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Academic Guidance Academic Guidance - Academic guidance for those pursuing a college degree... what college? Grad school? PhD help?


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December 13th, 2014, 11:17 AM   #1
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How to get back to academic research after 5 years of absence?

Hi guys,

I have this huge problem and I hope someone could give me some sort of advice. I am from one of East Europe countries where I successfully defended my PHD math degree. Also I worked as a lecturer in one of the local universities.
However, due to personal circumstances I left my job and research, moved to United Kingdom and began to work in a bank. But this job gives no pleasure, and I am really considering to get back to math.
But the problem I have, is that I don't want to go back to my country. I want to start something new here. But without any contact I have no idea how to get into any university in UK. My prime goal is to concentrating on research, but I can do also some lecturer duties if necessary.
So, any ideas what should I do?

Last edited by skipjack; January 3rd, 2015 at 06:42 AM.
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December 18th, 2014, 06:31 AM   #2
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Unfortunately it is very very difficult to get back into research after absence. You have to be able to demonstrate in an interview that you are more motivated than fresh PhD graduates and post-docs and it's really hard to demonstrate that and compete without being able to show recent publications.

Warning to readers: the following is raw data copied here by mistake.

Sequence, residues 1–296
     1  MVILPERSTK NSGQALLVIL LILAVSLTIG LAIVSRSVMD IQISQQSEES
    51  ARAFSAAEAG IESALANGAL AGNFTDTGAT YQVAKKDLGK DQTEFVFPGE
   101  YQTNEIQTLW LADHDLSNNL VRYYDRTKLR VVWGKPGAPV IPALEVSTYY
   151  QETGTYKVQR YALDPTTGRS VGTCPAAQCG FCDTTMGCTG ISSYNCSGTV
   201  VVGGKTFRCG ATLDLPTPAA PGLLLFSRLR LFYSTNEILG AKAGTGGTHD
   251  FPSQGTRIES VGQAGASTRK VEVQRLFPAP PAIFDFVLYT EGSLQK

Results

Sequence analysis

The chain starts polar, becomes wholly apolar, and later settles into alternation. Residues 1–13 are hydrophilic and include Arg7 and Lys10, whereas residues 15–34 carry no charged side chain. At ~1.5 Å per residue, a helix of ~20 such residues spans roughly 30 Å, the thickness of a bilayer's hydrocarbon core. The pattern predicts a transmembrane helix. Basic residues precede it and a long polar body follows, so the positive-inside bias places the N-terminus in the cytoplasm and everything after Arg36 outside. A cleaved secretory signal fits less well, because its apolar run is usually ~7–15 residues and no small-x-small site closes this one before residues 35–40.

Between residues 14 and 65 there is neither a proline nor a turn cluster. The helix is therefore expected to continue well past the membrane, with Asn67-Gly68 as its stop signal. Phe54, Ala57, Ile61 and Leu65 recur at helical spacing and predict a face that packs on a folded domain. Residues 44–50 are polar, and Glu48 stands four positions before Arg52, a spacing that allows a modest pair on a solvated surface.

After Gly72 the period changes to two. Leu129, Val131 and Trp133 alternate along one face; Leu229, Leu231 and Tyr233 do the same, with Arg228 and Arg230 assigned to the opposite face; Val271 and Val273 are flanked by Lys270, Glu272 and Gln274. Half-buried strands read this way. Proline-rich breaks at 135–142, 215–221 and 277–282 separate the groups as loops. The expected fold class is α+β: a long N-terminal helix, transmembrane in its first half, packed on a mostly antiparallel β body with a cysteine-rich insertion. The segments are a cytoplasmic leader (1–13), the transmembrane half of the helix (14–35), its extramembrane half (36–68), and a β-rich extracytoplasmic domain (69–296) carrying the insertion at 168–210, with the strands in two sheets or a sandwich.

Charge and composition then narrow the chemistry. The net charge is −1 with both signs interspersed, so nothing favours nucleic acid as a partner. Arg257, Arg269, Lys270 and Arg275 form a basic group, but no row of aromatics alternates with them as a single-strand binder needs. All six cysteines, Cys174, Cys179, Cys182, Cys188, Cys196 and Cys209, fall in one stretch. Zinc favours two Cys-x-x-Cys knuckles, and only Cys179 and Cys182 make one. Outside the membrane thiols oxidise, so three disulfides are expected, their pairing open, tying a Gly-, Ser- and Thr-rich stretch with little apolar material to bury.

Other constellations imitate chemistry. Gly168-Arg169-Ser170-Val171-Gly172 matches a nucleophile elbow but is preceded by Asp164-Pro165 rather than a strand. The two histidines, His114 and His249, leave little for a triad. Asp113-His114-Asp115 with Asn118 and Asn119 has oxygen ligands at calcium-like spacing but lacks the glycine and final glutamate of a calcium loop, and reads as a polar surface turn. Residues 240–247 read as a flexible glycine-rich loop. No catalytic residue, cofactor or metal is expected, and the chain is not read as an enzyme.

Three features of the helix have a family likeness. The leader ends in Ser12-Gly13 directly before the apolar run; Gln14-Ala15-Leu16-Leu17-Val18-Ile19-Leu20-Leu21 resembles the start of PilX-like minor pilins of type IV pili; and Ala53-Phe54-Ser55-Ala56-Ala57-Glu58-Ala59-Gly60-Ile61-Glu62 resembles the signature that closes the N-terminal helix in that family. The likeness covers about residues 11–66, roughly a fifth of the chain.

Here's what I would do...
i) re-read your thesis and your previous publications. Maybe read over some of the important papers that you referenced in your thesis too, to get it all back to the front of your mind. If you performed computer simulations, try to get hold of your old programs and data and rerun some of them to familiarise yourself with the code.
ii) start to read the literature again like you did when you were doing your PhD. For sure you will want to look at any papers that have cited your work and those of your supervisor and colleagues.
iii) get back in touch with your old PhD supervisor or any old colleagues over the phone. Ask them if they have any tasks that you could help with (chances are they will bogged down with shitloads of work) and volunteer to help out with some of the grunt work for free.
iv) if they do give you something to do, leap on it straight away! Get it done! No messing about! This is your chance so grab it by the balls!
v) try and get on a new publication as lead author or co-author...
vi) whilst all of this is going on, apply to every job under the Sun. Research is now a global market, not a national one, so be prepared to work outside the UK if you really want a job.

Last edited by Benit13; December 18th, 2014 at 06:35 AM.
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January 3rd, 2015, 02:09 AM   #3
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Thanks Benit13 for your reply. I know it would not be easy. I am already rereading my thesis and some articles from my research area (Navier-Stokes equations).
Unfortunately, my old PhD supervisor does not have nothing for me (I called him already). Not surprisingly, because I live abroad and he have few fresh PHD students to work with.
As for ''every job under the Sun'' is not very helpful. Because is almost impossible to compete for lecturer or post-doc positions. So maybe I could start with some assistant jobs in faculty, but these jobs are not advertised online. That's why I was thinking to write to most UK universities emails with my CV and cover letter. How do you think this is good idea?
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